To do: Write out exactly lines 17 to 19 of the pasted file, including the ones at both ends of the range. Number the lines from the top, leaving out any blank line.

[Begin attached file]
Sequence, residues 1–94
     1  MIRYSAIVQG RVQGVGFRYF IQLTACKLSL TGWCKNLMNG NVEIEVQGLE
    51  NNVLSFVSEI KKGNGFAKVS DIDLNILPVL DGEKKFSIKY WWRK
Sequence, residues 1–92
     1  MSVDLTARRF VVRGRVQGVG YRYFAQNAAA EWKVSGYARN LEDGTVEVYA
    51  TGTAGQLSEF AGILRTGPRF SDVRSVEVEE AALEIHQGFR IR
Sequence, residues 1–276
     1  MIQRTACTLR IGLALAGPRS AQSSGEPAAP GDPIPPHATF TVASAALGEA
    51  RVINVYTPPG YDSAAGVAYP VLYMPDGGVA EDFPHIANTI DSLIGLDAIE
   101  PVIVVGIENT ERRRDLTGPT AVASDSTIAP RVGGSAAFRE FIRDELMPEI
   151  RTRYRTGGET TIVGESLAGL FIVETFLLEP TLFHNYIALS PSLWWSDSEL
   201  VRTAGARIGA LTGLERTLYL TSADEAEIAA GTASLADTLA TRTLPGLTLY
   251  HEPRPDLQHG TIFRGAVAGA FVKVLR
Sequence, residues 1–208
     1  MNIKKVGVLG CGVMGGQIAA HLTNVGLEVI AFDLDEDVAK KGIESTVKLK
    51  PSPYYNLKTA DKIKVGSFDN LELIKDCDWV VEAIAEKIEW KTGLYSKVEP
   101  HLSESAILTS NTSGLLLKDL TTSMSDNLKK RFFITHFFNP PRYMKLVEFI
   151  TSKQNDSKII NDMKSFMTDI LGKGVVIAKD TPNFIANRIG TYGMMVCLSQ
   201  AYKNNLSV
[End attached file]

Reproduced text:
   101  HLSESAILTS NTSGLLLKDL TTSMSDNLKK RFFITHFFNP PRYMKLVEFI
   151  TSKQNDSKII NDMKSFMTDI LGKGVVIAKD TPNFIANRIG TYGMMVCLSQ
   201  AYKNNLSV